I cried on the way back from the Christmas tree farm last weekend.
I wasn’t overcome with holiday joy, anticipating the special memories our little family of four were about to make again… decorating the tree by a roaring fire while watching Claymation Christmas specials on TV. And they weren’t tears of frustration because it was pouring rain and my toddler son thought he’d puddle jump down the aisles of evergreens while we quickly agreed to buy the first soggy tree pulled from the racks.
No, this time it was a melancholy cry, alone in the car after leaving my husband to pay and bind the tree to the roof of his car while I rushed to my next errand. For this year was our first tree-buying venture as empty nesters. My son was not yet home from college, and my daughter, who had just graduated with her masters at University of Edinburgh, was not coming home at all.
Not coming home for Christmas.
For all the social media woes commiserating about the youngest child leaving for college, I wondered aloud while no one ever talked about the REAL empty nest… when your child has finally reached the age that it’s no longer assumed they’ll be home for the holidays. When you spend that first Christmas without your first-born.
Five years ago, I wrote about crying on the way home from Trader Joes because my senior HS daughter was about to go to university in the UK, and I couldn’t imagine day-to-day life without her at home, under the same roof. Five years of studying and experiencing life abroad, traveling around Europe, making friends from every corner of the globe, and finally, meeting her soul mate. The years flew by, as time is wont to do, but this holiday I feel myself yearning even more for a tether to the past.
Not only have both of our children flown the nest now, but this year we also moved that nest from a town where we had lived for 18 years. I picked my son up from his freshman year last May and had to give him a tour of his new home when we got back. My daughter has never step foot in this house and has only seen FaceTime backgrounds of our familiar belongings in unfamiliar spaces. The term “home” still feels mildly awkward to use with her, and I keep fluctuating between calling the bedroom that houses her childhood bed her room or the guestroom.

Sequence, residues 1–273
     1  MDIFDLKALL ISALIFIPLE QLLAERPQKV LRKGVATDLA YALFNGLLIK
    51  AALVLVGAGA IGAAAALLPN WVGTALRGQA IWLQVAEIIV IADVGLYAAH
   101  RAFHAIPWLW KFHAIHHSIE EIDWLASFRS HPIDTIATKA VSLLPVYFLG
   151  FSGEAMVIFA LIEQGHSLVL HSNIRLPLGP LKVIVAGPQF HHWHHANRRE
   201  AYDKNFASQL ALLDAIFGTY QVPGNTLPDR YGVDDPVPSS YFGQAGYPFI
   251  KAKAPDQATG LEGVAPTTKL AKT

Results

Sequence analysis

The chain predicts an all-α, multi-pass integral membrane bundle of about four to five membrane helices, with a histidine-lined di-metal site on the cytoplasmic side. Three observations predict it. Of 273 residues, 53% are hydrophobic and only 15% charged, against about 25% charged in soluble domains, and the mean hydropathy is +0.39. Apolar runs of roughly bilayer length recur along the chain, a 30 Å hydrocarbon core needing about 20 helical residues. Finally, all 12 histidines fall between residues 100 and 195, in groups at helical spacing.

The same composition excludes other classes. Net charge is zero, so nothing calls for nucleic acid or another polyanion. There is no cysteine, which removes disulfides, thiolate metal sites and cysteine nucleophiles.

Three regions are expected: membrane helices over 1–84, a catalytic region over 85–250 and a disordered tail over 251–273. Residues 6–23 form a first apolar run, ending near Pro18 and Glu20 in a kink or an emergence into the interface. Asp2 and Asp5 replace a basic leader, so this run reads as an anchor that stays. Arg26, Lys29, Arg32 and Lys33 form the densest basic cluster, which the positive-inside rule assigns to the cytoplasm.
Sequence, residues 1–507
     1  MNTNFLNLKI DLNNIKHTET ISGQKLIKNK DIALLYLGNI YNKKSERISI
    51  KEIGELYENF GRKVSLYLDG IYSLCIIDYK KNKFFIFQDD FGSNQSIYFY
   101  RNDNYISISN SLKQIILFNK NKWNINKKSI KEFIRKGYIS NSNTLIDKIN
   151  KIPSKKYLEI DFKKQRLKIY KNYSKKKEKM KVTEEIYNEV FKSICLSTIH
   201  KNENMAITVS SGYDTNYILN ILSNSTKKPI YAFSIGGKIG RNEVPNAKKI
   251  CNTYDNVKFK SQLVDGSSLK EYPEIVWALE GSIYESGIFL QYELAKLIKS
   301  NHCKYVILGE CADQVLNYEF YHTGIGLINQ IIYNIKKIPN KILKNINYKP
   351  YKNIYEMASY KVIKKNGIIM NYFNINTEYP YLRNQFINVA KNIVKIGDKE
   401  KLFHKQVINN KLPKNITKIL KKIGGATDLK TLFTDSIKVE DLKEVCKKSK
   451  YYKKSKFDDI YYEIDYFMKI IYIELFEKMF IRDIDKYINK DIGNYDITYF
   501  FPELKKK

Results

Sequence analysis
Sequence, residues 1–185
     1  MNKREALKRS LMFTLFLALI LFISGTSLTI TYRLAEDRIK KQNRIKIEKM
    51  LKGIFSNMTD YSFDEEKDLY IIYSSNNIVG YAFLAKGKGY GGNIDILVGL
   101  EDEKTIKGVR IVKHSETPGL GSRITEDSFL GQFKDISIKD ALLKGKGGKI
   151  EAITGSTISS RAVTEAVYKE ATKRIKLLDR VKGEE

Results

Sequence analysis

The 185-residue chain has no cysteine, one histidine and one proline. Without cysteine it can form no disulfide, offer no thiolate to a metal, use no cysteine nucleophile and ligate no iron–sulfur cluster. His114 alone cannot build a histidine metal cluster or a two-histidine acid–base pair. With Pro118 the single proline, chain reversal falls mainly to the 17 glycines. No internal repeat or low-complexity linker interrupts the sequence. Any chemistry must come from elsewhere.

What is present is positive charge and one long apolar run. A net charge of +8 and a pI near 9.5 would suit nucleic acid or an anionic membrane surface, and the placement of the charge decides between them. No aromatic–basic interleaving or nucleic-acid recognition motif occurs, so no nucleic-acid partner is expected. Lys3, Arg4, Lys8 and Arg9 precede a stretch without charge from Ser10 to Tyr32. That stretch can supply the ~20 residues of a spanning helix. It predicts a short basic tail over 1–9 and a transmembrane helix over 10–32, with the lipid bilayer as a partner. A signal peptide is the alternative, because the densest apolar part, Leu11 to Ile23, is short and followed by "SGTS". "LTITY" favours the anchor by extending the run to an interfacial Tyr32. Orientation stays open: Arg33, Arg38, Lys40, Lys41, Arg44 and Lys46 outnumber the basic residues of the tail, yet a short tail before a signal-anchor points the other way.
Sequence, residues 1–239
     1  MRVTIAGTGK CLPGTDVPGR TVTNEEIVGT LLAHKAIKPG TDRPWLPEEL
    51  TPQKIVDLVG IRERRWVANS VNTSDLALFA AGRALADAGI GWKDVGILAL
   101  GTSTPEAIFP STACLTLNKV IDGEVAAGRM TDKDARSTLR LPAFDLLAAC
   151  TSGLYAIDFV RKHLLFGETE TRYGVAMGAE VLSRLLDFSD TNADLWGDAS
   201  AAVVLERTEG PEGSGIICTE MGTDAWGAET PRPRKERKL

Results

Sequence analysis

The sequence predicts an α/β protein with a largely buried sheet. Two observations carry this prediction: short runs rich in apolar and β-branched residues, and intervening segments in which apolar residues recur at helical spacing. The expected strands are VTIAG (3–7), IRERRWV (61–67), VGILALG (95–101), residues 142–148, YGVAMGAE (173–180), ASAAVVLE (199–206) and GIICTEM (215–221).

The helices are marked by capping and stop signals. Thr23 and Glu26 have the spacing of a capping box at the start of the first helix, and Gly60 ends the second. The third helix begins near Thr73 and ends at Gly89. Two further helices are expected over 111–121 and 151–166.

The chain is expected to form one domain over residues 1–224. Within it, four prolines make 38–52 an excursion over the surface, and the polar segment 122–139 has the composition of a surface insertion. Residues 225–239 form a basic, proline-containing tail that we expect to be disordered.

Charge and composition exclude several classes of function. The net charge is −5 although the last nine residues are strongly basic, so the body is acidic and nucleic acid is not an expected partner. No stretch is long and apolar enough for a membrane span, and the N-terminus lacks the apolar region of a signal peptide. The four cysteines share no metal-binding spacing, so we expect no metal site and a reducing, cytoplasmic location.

Thing is, either description works because “home” is now synonymous with a temporary visit, scheduled between classes or work, just another iCal entry. Summers at home, sharing family meals and birthdays, watching Rudolph in your PJs with hot chocolate are no longer assumptions at this house or any other. Even when my son is home from college, there’s this vague sense of being a guest now (a sentiment he tends to implore when it comes time for chores), and of course he’d rather play Fortnite with his friends than listen to dad read “The Night Before Christmas” on Christmas Eve.
Leaving our long-term home was extraordinarily hard while both children were away, and I shed many tears as I closed the front door for the final time. Home is truly where my heart has always been and without my children with me through the transplant, I felt untethered and lost. I wondered if I had just sacrificed the very idea of home to them, with its familiar sights and smells and years of our lives forever memorialized within its walls.
It’s taken almost a year, but I realize now that we will always be home, no matter which roof hangs over our heads, no matter how long the visit. Our empty nest has settled onto a different tree, and here we’ll perch waiting for new branches to wind and wend their way through, cherishing each new growth as it comes.